Tag Archives: Video

Lighting and Filming a Nativity Scene

30 Dec


Earlier this month I took the role of DOP (Director of Photography) on a couple of Christmas videos for Mapleview Community Church in Barrie. Lydia and I have been attending for a few years now, and I’ve been working more and more with their media pastor, Michael Fess. On top of dozens of other roles he plays, Mike takes care of video production.

Mike had a couple ideas for some videos he wanted to create for the Christmas Eve service at Mapleview, and asked if I would help out. He produced, directed and edited the videos and left the cinematography, and lighting in my hands.

Producing can take up a lot of time. Getting costumes, locations, equipment, talent, storyboards – and keeping people happy on set all takes time and energy. Good producing makes the shooting of a video a smooth experience. It allows the day of filming to simply go from point A to point B – with everything in order to do so. For me, it was really nice to be able to step onto the set with the equipment, and basically start lighting the scene in a way that suited the story Mike wanted to tell. I didn’t have to worry about all the production stuff – and could focus entirely on lighting and filming.


ChineseLantern_FilmLightingOne of the most fun parts of the evening was creating the Chinese Lantern on a stick. Even big film sets will use large paper lanterns with dimmable lightbulbs inside. They’ll hover the lights in close to the subject to create a nice soft light that puts a bit of a glow in the eye of the subject. I thought one of these could be really useful to us in both this video and the 2nd video we shot – so Mike and I went to Home Depot and grabbed the components. He already had a $7 IKEA paper lantern. Another 30 bucks got us a dimmer switch, the casing, lamp wire, and a pack of lightbulbs.

As well as the Chinese Lantern, we used a Tungsten light in a soft box for our key light – along with an LED panel to add some cooler light to the background. The idea was to mimic light from an oil lamp, or a small fire burning nearby – and some cool moonlight coming in the window.

Mike and I are already currently putting together some ideas for future productions, so I’m sure I will be sharing more material that him and I have worked on in the future!

Thanks for taking a look at my work, and feel free to stay in touch with me via Twitter, Facebook, or email!


A Film from Ecuador: Escuela speranza de Bastion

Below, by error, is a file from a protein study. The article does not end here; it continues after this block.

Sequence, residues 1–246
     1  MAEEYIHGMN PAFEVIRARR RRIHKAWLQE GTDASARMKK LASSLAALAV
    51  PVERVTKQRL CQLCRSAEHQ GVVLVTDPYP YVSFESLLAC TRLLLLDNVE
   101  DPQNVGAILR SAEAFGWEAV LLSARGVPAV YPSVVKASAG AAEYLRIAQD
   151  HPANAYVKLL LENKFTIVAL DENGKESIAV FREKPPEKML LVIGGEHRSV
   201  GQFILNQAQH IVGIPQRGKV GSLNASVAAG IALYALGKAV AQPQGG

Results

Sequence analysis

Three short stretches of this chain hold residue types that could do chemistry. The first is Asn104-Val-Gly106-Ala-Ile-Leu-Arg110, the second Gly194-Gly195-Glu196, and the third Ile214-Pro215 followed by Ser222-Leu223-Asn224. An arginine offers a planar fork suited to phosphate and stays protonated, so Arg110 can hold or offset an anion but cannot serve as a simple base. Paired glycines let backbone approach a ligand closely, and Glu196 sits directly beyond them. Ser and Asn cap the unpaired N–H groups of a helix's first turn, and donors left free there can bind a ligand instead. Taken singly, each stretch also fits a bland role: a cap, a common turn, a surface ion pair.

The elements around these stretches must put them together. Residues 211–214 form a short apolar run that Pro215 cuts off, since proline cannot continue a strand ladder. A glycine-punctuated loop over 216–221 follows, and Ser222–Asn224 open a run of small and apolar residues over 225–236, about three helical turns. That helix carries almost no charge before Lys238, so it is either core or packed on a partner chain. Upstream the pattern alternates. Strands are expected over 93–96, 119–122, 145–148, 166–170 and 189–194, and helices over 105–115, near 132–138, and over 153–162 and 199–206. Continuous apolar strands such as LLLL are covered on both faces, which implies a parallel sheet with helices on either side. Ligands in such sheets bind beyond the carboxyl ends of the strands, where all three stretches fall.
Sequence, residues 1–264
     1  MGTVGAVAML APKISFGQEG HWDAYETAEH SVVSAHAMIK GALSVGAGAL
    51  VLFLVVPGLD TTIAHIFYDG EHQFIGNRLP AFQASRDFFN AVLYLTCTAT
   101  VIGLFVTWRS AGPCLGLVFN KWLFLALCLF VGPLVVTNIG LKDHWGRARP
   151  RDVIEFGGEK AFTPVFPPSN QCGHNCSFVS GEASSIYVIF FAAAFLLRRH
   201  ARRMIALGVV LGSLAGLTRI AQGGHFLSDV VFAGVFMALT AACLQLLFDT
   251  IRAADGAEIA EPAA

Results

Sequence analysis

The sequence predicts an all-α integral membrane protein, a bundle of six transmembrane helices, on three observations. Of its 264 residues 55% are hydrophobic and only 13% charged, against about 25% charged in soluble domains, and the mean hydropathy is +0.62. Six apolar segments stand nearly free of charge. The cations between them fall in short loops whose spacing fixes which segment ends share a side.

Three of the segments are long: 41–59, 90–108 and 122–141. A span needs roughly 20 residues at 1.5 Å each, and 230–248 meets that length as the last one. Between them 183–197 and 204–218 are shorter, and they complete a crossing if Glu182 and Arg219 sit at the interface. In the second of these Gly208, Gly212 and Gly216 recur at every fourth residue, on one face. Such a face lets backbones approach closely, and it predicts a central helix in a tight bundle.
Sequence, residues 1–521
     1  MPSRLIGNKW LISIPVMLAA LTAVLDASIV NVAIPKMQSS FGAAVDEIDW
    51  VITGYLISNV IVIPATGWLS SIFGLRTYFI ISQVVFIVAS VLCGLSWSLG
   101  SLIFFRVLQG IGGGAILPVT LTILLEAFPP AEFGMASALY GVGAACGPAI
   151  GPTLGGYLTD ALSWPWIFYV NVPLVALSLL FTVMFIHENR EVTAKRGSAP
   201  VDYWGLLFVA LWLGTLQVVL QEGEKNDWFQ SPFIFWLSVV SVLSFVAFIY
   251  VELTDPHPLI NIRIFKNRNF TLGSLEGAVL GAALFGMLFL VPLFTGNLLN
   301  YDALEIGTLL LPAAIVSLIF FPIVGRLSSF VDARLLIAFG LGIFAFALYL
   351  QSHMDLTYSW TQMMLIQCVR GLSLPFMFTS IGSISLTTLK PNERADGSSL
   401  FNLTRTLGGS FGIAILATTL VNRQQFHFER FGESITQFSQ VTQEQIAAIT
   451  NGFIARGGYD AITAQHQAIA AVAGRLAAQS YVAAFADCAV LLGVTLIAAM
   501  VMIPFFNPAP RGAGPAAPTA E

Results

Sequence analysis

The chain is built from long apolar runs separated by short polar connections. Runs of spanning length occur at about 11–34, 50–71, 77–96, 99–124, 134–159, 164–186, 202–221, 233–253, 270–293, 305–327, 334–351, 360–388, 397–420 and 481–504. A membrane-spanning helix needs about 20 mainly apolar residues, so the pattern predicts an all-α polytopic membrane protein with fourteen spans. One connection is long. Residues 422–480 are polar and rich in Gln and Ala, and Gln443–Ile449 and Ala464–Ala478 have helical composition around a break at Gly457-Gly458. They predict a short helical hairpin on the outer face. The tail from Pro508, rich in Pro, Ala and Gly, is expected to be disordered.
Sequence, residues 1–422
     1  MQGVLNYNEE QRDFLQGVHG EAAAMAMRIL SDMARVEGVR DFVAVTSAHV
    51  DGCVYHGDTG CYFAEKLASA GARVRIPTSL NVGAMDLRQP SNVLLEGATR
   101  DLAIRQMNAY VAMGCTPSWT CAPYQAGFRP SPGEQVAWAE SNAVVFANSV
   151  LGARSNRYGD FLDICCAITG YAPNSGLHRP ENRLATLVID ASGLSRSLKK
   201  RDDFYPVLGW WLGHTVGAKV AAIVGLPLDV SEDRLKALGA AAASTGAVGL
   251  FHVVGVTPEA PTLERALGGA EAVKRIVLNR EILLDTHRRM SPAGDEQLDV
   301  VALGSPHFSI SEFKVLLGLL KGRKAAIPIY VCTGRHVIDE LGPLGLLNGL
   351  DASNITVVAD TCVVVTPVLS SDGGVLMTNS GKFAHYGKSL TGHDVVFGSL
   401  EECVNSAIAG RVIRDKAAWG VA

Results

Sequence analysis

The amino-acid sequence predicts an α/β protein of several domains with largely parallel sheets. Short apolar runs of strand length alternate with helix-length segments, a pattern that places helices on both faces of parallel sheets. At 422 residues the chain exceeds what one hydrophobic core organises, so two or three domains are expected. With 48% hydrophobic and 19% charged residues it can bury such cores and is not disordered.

26 Nov

It’s been a while.

It’s been a while since my last blog post. And it’s been a while since we shot this film in Ecuador.

I’m happy this is the case, with the film anyway. I’ve learned so much in the past year about myself and about filming and piecing together footage to tell a story. I’m glad that we took the time needed to produce a video that we’re happy with (both my self and the folks who help keep the school ticking), and one that showcases the wonderful atmosphere of Escuela speranza de Bastion (Hope of Bastion School).

I’m not going to fill you in on the details about the school. But I will say that these kids are disappointed when summer holiday comes around, because they love being in school so much (this also says something about the neighbourhood they live in). I will also let you know that each student is sponsored to be there. Francisca, who’s now in university, was sponsored to attend the school back when it first opened. If you’d like to find out how to get involved, contact Nikki Horne, through their website: www.sponsorhope.ca 

The audio was recorded and mixed by my audio extraordinaire brother, Luke Bennett.

A bulk of the commercial projects I have been working on in the past month are for internal use, and as a result can’t be shared publicly. So, this has kept me very busy with work, but with not a whole lot to blog about. Cracking the hood open on the old blog has given me some ideas for future posts. I plan to be back in the game in another week or so.

Until then, Buenas Noches, Amigos!

Marina del Rey Shrink Wrap Demonstration Video

28 Aug

This spring, right before it was time for Marina’s across Ontario to start putting their boats in the water, I was hired by Marina del Rey to shoot a short video that outlined the benefits of shrink wrapping a boat for proper storage throughout the off season.

Marina del Rey had just had their website designed and launched by a local business – a web & graphic design company, DivineDesigns.ca, which is owned and operated by my friend Jesse Barton. I was recommended by Jesse to provide the Marina with some visuals to help strengthen their brand.

Since having created this video, we have spent a full Saturday shooting life at the Marina, showcasing what it’s like to be a part of the community at Marina del Rey. The plan is to gradually move ahead through the fall, and put together a short promotional video that they can use to showcase the grounds and community life at Marina del Rey.

The quality audio recording in this video was done by my brother, Luke Bennett.

Movement! Movement! Testing some New Video Gear.

22 Aug
CAUTION: The guy blogging is still an illustrative photographer. It would hurt his feelings if you thought he was only shooting video now.

All the Rules of Photography + Movement

I’m gunna state the obvious and say that the basic principles of video and photography are very much the same. Rules of Composition. Lighting. Showcasing the subject and subject matter. Telling a story. These rules all correlate wonderfully between photography and video.

The biggest difference between photo and video I have found so far: The Element of Movement

Taking a photo captures a single image, usually at a fraction of a second. Shooting video is often 24 (or more) images in a single second. You’re capturing much more visual content, and at a very high speed.

Because of this variable, unless you’re filming a static brick wall with the camera on a tripod, you’re going to be recording movement in the frame.

And so, the game becomes